James Lyne

James Lyne is global head of security research at the security firm Sophos.
He is a self-professed 'massive geek' and has technical expertise spanning a variety of the security domains from forensics to offensive security.
James has worked with many organisations on security strategy, handled a number of severe incidents and is a frequent industry advisor.
He is a certified instructor at the SANS institute and often a headline presenter at industry conferences. James is a big believer that one of the biggest problems of security is making it accessible and interesting to those outside the security industry.
As a result, he takes every opportunity to educate on security threats and best practice always featuring live demonstrations and showing how the cyber criminals operate in the real world. James has given multiple TED talks, including at the main TED event. He's also appeared on a long list of national TV programs to educate the public including CNN, NBC, BBC News and Bill Maher.
As a spokesperson for the industry, he is passionate about talent development, regularly participating in initiatives to identify and develop new talent for the industry.

Eugene Kaspersky

Eugene Kaspersky’s love for mathematics determined his “technical” future. One of his hobbies during high school was to solve problems published in mathematical journals.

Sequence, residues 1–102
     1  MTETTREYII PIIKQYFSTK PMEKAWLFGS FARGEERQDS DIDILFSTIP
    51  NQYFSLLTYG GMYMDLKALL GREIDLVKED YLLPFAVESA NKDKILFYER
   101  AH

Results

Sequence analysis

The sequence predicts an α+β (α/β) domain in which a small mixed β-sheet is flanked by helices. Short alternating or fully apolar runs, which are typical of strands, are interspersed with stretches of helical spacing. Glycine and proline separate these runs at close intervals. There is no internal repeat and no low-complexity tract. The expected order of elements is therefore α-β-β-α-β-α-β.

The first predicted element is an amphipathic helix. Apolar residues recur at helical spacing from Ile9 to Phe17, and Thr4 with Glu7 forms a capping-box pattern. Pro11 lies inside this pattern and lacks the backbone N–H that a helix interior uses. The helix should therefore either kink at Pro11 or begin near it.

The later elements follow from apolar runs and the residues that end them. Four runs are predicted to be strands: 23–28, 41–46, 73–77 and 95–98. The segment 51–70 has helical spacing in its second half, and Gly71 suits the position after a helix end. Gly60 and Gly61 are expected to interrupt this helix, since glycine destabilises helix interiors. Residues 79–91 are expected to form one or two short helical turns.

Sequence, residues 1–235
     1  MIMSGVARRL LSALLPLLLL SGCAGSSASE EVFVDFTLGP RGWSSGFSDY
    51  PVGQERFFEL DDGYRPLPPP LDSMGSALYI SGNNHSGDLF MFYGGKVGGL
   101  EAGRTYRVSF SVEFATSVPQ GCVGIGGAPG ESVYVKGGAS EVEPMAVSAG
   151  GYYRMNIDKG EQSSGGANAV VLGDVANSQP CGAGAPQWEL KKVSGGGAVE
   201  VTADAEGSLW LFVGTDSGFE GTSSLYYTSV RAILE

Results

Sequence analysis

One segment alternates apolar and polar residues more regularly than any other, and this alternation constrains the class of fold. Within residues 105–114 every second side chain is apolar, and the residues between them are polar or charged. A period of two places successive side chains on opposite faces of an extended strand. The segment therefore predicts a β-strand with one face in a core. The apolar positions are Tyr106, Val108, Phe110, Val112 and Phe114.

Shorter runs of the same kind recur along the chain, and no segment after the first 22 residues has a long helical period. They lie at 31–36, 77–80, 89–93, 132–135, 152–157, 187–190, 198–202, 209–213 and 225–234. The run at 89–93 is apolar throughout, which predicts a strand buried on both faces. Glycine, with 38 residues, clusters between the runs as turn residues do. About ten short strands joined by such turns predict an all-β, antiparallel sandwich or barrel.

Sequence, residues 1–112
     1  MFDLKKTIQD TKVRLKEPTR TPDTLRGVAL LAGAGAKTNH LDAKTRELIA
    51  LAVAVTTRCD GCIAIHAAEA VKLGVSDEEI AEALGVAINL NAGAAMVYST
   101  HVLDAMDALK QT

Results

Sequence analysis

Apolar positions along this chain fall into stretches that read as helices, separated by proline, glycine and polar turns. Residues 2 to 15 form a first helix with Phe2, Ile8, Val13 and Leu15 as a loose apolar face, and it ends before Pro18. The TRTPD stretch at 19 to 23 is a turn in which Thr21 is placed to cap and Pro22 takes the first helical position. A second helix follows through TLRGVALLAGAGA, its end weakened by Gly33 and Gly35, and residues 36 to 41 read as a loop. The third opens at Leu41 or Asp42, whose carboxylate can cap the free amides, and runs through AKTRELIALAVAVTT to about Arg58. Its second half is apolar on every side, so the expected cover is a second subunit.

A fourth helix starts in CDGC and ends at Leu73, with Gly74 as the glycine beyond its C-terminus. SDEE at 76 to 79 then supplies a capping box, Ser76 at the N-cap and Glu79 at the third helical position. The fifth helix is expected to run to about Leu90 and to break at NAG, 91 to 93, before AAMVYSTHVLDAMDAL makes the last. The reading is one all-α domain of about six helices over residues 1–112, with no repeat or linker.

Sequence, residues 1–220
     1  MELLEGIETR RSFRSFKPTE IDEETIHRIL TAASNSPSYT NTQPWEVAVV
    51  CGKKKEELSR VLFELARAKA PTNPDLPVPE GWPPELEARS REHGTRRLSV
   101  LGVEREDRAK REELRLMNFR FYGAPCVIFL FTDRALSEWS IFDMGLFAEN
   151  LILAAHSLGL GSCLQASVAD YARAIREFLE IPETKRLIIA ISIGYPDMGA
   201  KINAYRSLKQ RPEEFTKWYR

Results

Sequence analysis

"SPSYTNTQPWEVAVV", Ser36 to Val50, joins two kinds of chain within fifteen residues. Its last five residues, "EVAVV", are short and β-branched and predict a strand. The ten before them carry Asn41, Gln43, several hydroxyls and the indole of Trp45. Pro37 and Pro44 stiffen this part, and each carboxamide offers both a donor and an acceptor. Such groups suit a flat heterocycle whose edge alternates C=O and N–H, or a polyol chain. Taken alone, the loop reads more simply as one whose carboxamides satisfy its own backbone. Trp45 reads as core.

During his last few years in high school, he attended extracurricular classes in physics and mathematics at a dedicated program organized by the Moscow Institute of Physics and Technology. Eugene spent his last two years of high school taking physics and mathematics courses in a specialized program for gifted students organized by and affiliated with Moscow State University. In 1987, Eugene graduated from the Institute of Cryptography, Telecommunications and Computer Science, where he studied mathematics, cryptography and computer technology, majoring in mathematical engineering. After graduating, Eugene worked at a multi-disciplinary research institute. It was there that Eugene first began studying computer viruses after detecting the Cascade virus on his computer in October 1989. Eugene analyzed the virus and developed a disinfection utility for it – the first such utility he developed. He started collecting malicious programs and disinfection modules for them.

This exotic collection later formed the foundation of the famous antivirus database in Kaspersky Anti-Virus. Today, this database includes more than 4 million records and is one of the most complete antivirus databases in the world. In 1991, Eugene joined the KAMI Information Technologies Center, where he and a group of colleagues developed the AVP antivirus project, which became the prototype for Kaspersky Anti-Virus. International recognition of the project arrived in 1994, when the virtually unknown AVP won a contest conducted by Hamburg University’s test lab, demonstrating a higher virus detection rate than the most popular antivirus programs at the time.

In 1997, Eugene and his colleagues decided to establish an independent company, becoming the founders of Kaspersky Lab. From that moment, he has headed the company's antivirus research.

In 2007, Eugene was named CEO of Kaspersky Lab.

Eugene was voted the World’s Most Powerful Security Exec by SYS-CON Media in 2011, awarded an Honorary Doctorate of Science from Plymouth University in 2012, and named one of Foreign Policy Magazine’s 2012 Top Global Thinkers for his contribution to IT security awareness on a global scale.